Quick Thought #21 – Stark Differences in How I Talk To Myself

Quick Thought #21 – Stark Differences in How I Talk To Myself

I failed to notice that the restaurant only offered pickup orders until we sat around, wondering why I hadn’t gotten any notification about our food being on the way. It had been sitting there, getting cold, waiting for us to pick it up for at least 20-25 minutes. We quickly hopped in the car to get it; all the while, I apologized over and over to my wife, berated myself internally for not noticing and screwing up our dinner, etc.

When we got there, I ran inside only to discover that the restaurant only had one meal, not two. Part of the order had gotten cut off, and no one caught it until I got there and asked about the second meal. The manager made things right very quickly, apologizing over and over.

My response?

“No worries, it’s all good. We’ve got our food, and that’s all that matters.”

And then I got back in the car, telling myself that this whole mess could have been avoided if I had handled ordering correctly in the first place.

What is wrong with me?

Social Connections Don’t Solve Everything But They Matter, A Lot

Social Connections Don’t Solve Everything But They Matter, A Lot

On the other hand, when we are struggling, our first instinct is often to not get in touch with someone. It’s to isolate. I suspect that is because we live in a world that has been telling us to be positive. That feeling down shouldn’t be shared, lest we negatively influence our friends and be cut out of their lives. (Good vibes only, am I right?)

That’s not the way any of this is supposed to work.

Anxiety and Depression as Evolutionary Response to Adversity

Anxiety and Depression as Evolutionary Response to Adversity

We evolved to feel depression and anxiety in response to difficult experiences because it serves a purpose. We’ve also evolved to depend on each other as a community. One without the other is going to go poorly for us, and I fear that is exactly where we are now. The large increases in rates of depression and anxiety, not to mention what seems like our complete inability to make a dent in the rates of suicide in the US, might just be because of this imbalance.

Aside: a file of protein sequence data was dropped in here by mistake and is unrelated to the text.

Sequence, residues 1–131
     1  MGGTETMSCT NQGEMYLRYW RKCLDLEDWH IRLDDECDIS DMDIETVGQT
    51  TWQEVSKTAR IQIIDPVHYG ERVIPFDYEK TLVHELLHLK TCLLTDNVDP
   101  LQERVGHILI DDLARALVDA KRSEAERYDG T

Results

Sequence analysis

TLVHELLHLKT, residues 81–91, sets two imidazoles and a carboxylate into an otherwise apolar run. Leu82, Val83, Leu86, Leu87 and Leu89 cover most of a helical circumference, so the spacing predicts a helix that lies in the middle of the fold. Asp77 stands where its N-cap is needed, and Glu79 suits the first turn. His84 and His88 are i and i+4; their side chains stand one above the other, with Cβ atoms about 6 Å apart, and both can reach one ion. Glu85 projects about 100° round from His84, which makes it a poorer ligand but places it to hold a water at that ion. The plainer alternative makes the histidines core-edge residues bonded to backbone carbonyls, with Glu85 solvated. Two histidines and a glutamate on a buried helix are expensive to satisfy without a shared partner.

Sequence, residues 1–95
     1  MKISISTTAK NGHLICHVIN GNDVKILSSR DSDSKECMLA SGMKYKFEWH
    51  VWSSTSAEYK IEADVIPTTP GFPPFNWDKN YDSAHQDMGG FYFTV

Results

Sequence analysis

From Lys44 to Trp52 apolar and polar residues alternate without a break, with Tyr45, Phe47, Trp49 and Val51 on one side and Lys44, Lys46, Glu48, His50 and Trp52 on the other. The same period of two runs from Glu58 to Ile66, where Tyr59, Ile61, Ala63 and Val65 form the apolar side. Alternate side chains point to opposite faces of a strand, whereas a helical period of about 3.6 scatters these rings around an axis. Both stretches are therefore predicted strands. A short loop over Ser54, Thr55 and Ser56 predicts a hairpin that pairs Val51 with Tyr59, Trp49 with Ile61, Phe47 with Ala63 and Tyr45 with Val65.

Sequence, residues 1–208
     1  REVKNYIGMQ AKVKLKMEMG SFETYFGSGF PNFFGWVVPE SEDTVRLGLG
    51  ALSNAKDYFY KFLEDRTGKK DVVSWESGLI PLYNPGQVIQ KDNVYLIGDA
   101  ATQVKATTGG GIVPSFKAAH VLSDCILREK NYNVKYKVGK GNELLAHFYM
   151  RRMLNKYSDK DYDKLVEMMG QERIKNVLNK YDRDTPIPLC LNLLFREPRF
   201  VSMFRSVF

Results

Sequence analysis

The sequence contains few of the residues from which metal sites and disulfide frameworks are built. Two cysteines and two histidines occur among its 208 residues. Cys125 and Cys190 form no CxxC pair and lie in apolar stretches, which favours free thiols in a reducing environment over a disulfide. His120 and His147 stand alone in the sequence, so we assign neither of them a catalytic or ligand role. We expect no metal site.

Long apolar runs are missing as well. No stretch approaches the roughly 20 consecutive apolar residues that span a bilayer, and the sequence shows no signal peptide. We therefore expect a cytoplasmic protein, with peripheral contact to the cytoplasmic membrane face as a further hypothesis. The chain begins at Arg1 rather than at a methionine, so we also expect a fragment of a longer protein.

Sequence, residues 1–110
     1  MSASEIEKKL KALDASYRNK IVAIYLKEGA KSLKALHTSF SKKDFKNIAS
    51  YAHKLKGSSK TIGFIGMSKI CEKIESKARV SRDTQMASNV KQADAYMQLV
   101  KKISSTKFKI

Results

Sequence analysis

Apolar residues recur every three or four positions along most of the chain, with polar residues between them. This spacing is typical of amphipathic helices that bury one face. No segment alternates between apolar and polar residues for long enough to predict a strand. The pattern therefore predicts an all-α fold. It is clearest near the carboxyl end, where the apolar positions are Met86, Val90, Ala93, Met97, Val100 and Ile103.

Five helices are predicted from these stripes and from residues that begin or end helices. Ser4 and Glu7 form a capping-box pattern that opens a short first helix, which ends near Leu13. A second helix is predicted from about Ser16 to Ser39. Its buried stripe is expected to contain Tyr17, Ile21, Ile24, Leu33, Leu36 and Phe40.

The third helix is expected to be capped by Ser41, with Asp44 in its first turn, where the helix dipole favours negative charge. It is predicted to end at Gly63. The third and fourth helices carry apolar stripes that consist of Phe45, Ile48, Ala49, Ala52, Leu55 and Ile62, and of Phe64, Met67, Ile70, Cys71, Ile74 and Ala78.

So be good to each other, and stay connected to each other. It’s what we need most in times of adversity.

When Trauma Response are Helpful – And When They Aren’t.

When Trauma Response are Helpful – And When They Aren’t.

In the big picture, the thing I know that I need to do is to be aware of when I’m in that mode and act accordingly. There can be some great benefits to hypervigilance and there can be some real downsides. If I’m aware of it, I can scan the environment as necessary without ignoring other important, but not dangerous, bits of information, and watch out for my own overreactions. I can consciously use the skill that I learned as a trauma survivor for my own good without it wrecking my day-to-day life or causing more anxiety.

It’s a tricky line to walk, and I’ll be the first to admit I don’t always do it so well.

Are We Past Stigmatizing Mental Health Issues?

Are We Past Stigmatizing Mental Health Issues?

Nothing tells me that we still have a long way to go when it comes to stigma like learning about a clearly distressed young man getting killed on a subway while other passengers sat and watched. Because his situation was uncomfortable. His manic behavior made them uncomfortable and all of the compassion for other people who struggle with mental health issues went right out the window in this case. This wasn’t a well-put-together person speaking calmly, this was very different. The same core issue – mental health – but different results. One group is acceptable. The other not so much.

That’s stigma.